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Maryville College Theatre Department to present “Lysistrata”

The Maryville College Calyton Center will be hosting “Lysistrata” April 27-29 and April 30. Image by Brandi Payne.

The Maryville College Calyton Center will be hosting “Lysistrata” April 27-29 and April 30. Image by Brandi Payne.

The Maryville College Theatre Department will be showing an adaptation of Aristophanes’ Greek play, “Lysistrata,” on April 27-30.

The production will be shown in Clayton Center for the Arts’ Haslam Family Flexible Theatre on Thurs., April 27 at 8 p.m.; Fri., April 28 at 8 p.m.; Sat., April 29 at 8 p.m. and Sun., April 30 at 2 p.m.

Admission for Maryville College students, faculty and staff are free, but tickets are required for entry. For everyone else, admission is $10 for adults and $7 for senior adults ages 60 and up. This play is meant for mature audiences due to sexual references and crude humor.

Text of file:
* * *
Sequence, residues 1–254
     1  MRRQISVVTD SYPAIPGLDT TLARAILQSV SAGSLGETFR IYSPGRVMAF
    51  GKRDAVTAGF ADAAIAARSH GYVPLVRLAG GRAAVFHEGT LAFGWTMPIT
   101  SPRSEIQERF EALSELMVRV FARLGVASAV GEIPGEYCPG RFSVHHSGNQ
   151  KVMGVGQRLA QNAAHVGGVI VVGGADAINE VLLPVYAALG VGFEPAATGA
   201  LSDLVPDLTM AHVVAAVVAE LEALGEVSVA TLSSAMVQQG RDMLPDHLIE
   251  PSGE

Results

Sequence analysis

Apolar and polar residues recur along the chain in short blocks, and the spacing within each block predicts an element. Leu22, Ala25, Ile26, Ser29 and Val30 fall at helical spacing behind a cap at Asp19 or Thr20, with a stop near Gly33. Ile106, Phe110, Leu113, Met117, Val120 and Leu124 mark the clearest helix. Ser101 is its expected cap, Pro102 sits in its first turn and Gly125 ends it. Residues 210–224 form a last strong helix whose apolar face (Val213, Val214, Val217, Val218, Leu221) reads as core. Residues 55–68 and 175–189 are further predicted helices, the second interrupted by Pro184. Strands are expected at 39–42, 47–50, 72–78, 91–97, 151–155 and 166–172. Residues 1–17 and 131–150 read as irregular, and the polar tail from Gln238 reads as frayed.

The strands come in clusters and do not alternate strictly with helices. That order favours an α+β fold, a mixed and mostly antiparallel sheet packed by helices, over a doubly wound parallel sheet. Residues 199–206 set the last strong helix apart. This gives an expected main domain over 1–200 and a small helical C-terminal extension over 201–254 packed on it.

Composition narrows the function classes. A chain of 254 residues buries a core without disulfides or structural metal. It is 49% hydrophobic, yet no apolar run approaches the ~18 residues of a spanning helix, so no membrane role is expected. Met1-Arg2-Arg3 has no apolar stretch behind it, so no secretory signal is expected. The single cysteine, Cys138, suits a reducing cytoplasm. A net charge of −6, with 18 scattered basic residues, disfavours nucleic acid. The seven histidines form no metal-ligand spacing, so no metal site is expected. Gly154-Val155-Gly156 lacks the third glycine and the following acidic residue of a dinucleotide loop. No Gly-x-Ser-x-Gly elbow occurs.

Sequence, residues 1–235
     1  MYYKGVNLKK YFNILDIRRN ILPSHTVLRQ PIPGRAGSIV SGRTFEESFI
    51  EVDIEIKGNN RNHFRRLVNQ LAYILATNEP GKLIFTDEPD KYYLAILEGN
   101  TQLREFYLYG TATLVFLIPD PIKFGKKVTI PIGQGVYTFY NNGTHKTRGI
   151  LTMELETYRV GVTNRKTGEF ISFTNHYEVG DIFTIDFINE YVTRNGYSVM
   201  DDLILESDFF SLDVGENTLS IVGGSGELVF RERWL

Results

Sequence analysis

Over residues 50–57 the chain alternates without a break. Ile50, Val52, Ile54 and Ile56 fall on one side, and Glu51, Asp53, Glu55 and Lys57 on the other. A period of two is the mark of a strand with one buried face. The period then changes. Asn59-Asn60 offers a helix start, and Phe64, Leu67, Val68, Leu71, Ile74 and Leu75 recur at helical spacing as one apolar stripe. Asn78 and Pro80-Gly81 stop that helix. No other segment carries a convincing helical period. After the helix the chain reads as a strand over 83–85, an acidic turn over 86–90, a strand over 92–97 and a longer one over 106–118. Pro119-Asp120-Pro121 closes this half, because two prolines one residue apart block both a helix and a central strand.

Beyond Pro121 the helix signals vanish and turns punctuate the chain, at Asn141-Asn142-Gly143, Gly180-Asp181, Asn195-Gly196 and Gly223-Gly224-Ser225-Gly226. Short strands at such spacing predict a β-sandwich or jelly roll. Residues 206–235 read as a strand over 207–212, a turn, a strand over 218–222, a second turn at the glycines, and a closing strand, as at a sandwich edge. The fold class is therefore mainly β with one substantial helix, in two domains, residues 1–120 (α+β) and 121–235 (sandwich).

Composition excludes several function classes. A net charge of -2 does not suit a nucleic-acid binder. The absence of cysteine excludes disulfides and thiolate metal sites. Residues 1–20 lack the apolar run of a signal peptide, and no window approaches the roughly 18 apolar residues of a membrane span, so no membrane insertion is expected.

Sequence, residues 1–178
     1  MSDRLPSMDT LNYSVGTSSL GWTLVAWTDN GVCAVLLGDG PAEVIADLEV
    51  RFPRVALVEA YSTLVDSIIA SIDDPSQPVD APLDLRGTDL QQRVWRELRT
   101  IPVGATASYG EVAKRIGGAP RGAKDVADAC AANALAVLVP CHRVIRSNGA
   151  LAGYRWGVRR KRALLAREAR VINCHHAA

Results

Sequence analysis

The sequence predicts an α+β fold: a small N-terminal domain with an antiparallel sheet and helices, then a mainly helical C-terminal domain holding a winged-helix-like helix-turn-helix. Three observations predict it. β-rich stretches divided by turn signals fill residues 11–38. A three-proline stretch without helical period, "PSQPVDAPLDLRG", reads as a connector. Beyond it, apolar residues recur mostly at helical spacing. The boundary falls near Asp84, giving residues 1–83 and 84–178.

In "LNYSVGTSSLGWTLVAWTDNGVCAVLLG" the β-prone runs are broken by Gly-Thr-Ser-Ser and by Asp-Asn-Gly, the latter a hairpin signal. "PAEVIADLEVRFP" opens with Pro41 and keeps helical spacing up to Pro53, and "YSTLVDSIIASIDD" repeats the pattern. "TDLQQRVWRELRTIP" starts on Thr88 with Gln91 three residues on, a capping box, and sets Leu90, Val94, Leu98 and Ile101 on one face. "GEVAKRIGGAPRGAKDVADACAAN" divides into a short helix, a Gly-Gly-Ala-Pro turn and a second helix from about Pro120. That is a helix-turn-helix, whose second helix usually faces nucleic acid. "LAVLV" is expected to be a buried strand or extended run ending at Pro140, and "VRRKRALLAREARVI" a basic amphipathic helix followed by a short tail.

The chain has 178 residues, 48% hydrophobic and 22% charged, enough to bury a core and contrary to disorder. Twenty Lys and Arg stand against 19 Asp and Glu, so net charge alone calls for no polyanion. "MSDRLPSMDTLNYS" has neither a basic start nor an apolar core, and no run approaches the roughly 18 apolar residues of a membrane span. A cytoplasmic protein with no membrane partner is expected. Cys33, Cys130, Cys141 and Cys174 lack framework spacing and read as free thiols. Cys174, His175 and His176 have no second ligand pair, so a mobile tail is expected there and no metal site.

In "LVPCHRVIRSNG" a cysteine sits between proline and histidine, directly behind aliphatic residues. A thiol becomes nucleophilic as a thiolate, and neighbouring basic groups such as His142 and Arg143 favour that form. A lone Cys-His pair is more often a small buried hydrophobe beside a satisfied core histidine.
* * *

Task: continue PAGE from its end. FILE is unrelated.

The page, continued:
“Lysistrata” is a Greek comedy that centers on the women of Greece who embark on a sex strike during a huge war where the men refuse to negotiate peace. The main character, named Lysistrata, convinces her fellow women to refuse to have sex with their husbands in order to make them end the war.

“The most challenging thing about bringing this script to life was trying to understand the context of the time period,” said freshman cast member Bailee Burleson. “Athenians and Spartans are in an all-out war, and you have to make sure you act like that. Even though most of the lines seem benevolent, you have to keep in mind the subtext of the line, as well as your relationship to each character.”

The play is adapted by Ellen McLaughlin, an American playwright and actor. She is heavily influenced by Greek theatre.

“Ellen McLaughlin’s modern adaptation highlights the lasting relevance of the play,” said junior cast member Jenna Hunt. “This production seeks to further highlight that relevance through costumes, makeup, sound and more.  At the same time, we’re attempting to stay true to some traditional Greek elements.  For instance, you might see a traditional ancient Greek toga paired with Converse or Forever 21-esque gladiator sandals.  It’s an interesting mix!”

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